The Greek Wedding Ceremony Breakdown
A Play-by-Play Guide to Your First Greek Wedding
Many of us have been to a Greek Wedding, most likely many times before. However, some of us may have never been to a real Greek wedding, and while My Big Fat Greek Wedding may actually not stray that far from a real Greek wedding, nothing can replace actually being a witness to a couple’s marriage. Greek weddings can definitely appear out of the ordinary to our friends that are not Greek Orthodox. Compared to other wedding ceremonies there are likely a few ‘key’ things that don’t exist in Greek weddings. As a spoiler alert, there is no vows or the famed “I do” that characterizes the western wedding in the media.
Instead the wedding ceremony is packed with just about as much symbolism and tradition that can fit in one service. By American standards the wedding service is likely significantly longer than previous ceremonies of different denominations. But there is quite a lot of ground covered in the average one hour that the service takes [this of course depending on the priest performing the sacrament].
There are two main parts to the wedding service; the first is the Betrothal Service, followed by the Marriage Service. During the Betrothal, the priest blesses the wedding rings and touches the bride and grooms forehead with them. He makes the sign of the cross above their heads saying, “The servant of God [name] is betrothed to the servant of God [name] in the name of the Father, Son and of the Holy Spirit.” The Koumbaros [a] will then exchange the rings on the right hands of the bride and groom three times.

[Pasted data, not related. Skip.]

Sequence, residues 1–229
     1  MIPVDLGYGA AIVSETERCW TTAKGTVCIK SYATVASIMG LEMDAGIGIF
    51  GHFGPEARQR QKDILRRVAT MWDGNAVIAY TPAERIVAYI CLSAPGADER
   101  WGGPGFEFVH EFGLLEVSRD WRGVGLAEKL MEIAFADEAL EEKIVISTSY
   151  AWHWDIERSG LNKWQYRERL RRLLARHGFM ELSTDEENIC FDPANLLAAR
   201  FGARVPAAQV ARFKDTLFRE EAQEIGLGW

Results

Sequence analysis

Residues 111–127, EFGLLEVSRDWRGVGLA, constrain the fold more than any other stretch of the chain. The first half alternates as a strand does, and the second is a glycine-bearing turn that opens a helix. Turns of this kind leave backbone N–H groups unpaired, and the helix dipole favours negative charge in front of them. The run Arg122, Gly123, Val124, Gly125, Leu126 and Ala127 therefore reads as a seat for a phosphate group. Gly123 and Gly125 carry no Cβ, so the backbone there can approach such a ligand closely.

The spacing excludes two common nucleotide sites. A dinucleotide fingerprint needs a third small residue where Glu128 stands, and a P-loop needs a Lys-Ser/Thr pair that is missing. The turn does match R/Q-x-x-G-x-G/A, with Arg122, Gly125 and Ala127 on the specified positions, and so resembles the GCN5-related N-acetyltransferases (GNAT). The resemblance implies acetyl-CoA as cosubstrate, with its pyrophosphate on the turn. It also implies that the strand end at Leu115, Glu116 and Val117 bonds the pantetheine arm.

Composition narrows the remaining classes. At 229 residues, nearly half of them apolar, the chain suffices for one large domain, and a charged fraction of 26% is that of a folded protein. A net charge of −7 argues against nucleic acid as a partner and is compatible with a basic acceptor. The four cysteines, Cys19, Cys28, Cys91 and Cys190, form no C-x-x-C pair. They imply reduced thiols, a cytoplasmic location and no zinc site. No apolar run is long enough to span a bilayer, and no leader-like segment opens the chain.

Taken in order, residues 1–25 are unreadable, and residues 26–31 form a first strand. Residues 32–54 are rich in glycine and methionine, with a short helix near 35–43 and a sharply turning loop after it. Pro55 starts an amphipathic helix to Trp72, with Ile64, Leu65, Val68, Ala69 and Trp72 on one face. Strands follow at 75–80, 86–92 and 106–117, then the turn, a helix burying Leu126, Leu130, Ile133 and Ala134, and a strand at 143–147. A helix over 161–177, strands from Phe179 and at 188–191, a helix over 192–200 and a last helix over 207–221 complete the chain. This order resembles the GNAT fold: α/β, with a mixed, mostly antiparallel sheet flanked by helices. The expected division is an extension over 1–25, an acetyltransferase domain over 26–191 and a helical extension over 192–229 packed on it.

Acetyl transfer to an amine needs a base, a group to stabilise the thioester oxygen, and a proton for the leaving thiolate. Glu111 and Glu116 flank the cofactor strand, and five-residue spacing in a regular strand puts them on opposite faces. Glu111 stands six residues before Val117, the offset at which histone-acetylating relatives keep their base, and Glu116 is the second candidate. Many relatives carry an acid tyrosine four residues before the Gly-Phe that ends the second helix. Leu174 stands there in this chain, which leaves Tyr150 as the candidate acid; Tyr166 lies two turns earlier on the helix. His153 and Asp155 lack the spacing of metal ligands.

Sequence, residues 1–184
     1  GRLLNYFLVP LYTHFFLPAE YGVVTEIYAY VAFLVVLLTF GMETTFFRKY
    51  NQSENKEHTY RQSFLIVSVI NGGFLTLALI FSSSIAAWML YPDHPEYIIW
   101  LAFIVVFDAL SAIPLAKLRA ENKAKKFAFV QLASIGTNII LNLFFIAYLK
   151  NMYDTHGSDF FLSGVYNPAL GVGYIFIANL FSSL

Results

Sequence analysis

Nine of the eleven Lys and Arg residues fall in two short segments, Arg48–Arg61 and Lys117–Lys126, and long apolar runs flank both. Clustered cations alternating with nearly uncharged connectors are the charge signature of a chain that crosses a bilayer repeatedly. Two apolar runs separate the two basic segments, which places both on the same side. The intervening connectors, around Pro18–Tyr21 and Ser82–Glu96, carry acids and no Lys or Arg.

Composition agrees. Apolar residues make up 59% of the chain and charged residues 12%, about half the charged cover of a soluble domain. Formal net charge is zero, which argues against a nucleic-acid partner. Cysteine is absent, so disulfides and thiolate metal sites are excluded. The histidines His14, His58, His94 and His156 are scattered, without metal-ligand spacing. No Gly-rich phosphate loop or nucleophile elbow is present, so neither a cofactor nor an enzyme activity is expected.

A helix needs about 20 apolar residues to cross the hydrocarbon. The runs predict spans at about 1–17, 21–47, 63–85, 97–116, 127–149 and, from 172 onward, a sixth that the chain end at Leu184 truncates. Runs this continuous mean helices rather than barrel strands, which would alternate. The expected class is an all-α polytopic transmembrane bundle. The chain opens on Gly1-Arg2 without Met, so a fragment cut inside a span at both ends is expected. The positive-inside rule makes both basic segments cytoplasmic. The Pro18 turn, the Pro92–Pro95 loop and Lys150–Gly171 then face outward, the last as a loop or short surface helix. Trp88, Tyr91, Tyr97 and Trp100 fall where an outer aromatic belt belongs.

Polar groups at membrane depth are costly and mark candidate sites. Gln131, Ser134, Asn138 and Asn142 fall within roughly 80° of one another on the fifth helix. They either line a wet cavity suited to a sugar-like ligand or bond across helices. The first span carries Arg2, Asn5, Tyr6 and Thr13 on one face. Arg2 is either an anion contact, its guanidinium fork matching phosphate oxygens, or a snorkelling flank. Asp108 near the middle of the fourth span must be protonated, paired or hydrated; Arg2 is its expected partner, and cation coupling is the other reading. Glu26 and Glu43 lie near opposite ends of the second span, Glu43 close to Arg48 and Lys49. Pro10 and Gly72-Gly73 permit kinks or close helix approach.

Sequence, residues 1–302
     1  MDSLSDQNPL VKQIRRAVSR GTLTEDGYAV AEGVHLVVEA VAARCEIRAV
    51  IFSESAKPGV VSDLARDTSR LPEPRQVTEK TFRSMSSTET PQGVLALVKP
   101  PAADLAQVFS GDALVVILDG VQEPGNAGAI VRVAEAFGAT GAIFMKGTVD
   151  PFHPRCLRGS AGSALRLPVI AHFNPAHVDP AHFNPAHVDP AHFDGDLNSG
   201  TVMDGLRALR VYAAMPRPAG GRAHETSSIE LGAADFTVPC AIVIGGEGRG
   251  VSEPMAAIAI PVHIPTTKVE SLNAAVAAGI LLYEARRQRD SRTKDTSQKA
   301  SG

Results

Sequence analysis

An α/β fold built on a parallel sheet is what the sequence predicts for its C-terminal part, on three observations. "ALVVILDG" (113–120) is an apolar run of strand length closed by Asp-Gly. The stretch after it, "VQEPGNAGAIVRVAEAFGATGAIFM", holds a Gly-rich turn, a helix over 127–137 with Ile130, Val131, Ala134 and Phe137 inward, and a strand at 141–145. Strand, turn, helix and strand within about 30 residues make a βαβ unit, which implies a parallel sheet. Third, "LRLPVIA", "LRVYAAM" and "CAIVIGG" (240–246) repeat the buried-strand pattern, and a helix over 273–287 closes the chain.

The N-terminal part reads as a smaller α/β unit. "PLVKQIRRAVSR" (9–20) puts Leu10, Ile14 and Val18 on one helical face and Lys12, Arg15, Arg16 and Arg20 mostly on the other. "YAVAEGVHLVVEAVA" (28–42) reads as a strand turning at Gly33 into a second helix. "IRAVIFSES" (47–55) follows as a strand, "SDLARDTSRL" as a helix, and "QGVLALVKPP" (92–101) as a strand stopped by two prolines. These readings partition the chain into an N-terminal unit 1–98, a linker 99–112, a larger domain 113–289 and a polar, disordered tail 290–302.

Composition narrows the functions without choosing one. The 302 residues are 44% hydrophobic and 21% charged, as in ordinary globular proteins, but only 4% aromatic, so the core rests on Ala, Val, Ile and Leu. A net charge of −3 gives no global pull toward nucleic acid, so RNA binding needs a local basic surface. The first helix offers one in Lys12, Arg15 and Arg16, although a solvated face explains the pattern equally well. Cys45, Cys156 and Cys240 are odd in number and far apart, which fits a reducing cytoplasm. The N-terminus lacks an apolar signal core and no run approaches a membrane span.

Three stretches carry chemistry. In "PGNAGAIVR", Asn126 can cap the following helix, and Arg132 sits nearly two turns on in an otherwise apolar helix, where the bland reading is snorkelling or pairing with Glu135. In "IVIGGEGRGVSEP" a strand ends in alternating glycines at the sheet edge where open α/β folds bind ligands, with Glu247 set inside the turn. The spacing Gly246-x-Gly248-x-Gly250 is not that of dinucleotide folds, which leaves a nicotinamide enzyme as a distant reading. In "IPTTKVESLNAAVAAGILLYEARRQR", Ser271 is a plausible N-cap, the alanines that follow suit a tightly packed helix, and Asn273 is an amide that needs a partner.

The second part of the service – the Marriage – sees the bride and groom each holding a lit candle throughout the service, which symbolizes the light of Christ who is with them for the rest of their marriage.
The Koumbaros [a] places the stephana [crowns] on the heads of the bride and groom. The stephana are two decorated crowns with a long ribbon running between the two. The stephana literally represent crowns, as the marriage is viewed as creating a new kingdom where the bride and groom are considered the king and queen of the home and family. The Koumbaros [a] holds the stephana above the heads of the bride and groom and exchanges them three times while the priest asks God to “crown them with honor and glory”. This further emphasizes the connection between the two people.
Next two readings are read, one from St. Paul about love and respect, and how the husband should love his wife and protect her with his life, as Christ gave his life for the Church. The wife should also respect her husband as the Church honors Christ. The second reading is from the Gospel of St. John, which talks about Jesus’ miracle at the wedding in Cana.
Reflecting Jesus’ miracle of changing water into wine from the gospel reading, the readings are followed by the ‘common cup’. The bride and groom share a common cup of wine, which is unconsecrated and not the same as communion. This symbolizes the sharing that life brings after marriage.
Finally before the ceremony is over, in what is a high point of the service the newlywed couple is led around the small table by the priest, while the Koumbaros [a] follows behind holding the stephana ribbon. They circle the table three times, taking their first steps as husband and wife in what is known as ‘The Dance of Isaiah’. Following this and one final blessing, the ceremony is over.
Whether Greek weddings are entirely familiar to you or completely new and foreign, it is quite an event to witness. With so much symbolism and tradition woven into every prayer and action there is no doubt the ceremony is a beautiful one.
Categorized in: Greek Wedding Traditions
This post was written by Greek Boston
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